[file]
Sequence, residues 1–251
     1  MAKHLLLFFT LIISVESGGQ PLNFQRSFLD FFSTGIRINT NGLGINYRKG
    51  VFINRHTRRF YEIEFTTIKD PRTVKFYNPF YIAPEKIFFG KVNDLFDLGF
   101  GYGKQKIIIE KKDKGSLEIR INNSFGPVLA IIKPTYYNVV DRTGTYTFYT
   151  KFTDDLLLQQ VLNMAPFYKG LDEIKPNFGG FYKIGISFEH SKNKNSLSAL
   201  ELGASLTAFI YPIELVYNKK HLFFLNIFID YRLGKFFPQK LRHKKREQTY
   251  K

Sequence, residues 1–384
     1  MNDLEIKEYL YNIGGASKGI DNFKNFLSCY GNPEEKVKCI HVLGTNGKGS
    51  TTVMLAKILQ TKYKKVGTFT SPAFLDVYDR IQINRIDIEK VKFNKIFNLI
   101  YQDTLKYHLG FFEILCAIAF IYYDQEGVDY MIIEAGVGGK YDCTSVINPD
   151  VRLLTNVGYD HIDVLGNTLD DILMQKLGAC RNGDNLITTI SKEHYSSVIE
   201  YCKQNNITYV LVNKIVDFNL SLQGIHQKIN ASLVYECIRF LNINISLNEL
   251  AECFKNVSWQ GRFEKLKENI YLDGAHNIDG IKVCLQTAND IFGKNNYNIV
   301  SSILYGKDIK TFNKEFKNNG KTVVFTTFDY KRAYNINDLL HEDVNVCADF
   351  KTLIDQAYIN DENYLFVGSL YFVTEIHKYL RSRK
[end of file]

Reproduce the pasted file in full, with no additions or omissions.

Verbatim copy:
Sequence, residues 1–251
     1  MAKHLLLFFT LIISVESGGQ PLNFQRSFLD FFSTGIRINT NGLGINYRKG
    51  VFINRHTRRF YEIEFTTIKD PRTVKFYNPF YIAPEKIFFG KVNDLFDLGF
   101  GYGKQKIIIE KKDKGSLEIR INNSFGPVLA IIKPTYYNVV DRTGTYTFYT
   151  KFTDDLLLQQ VLNMAPFYKG LDEIKPNFGG FYKIGISFEH SKNKNSLSAL
   201  ELGASLTAFI YPIELVYNKK HLFFLNIFID YRLGKFFPQK LRHKKREQTY
   251  K

Sequence, residues 1–384
     1  MNDLEIKEYL YNIGGASKGI DNFKNFLSCY GNPEEKVKCI HVLGTNGKGS
    51  TTVMLAKILQ TKYKKVGTFT SPAFLDVYDR IQINRIDIEK VKFNKIFNLI
   101  YQDTLKYHLG FFEILCAIAF IYYDQEGVDY MIIEAGVGGK YDCTSVINPD
   151  VRLLTNVGYD HIDVLGNTLD DILMQKLGAC RNGDNLITTI SKEHYSSVIE
   201  YCKQNNITYV LVNKIVDFNL SLQGIHQKIN ASLVYECIRF LNINISLNEL
   251  AECFKNVSWQ GRFEKLKENI YLDGAHNIDG IKVCLQTAND IFGKNNYNIV
   301  SSILYGKDIK TFNKEFKNNG KTVVFTTFDY KRAYNINDLL HEDVNVCADF
   351  KTLIDQAYIN DENYLFVGSL YFVTEIHKYL RSRK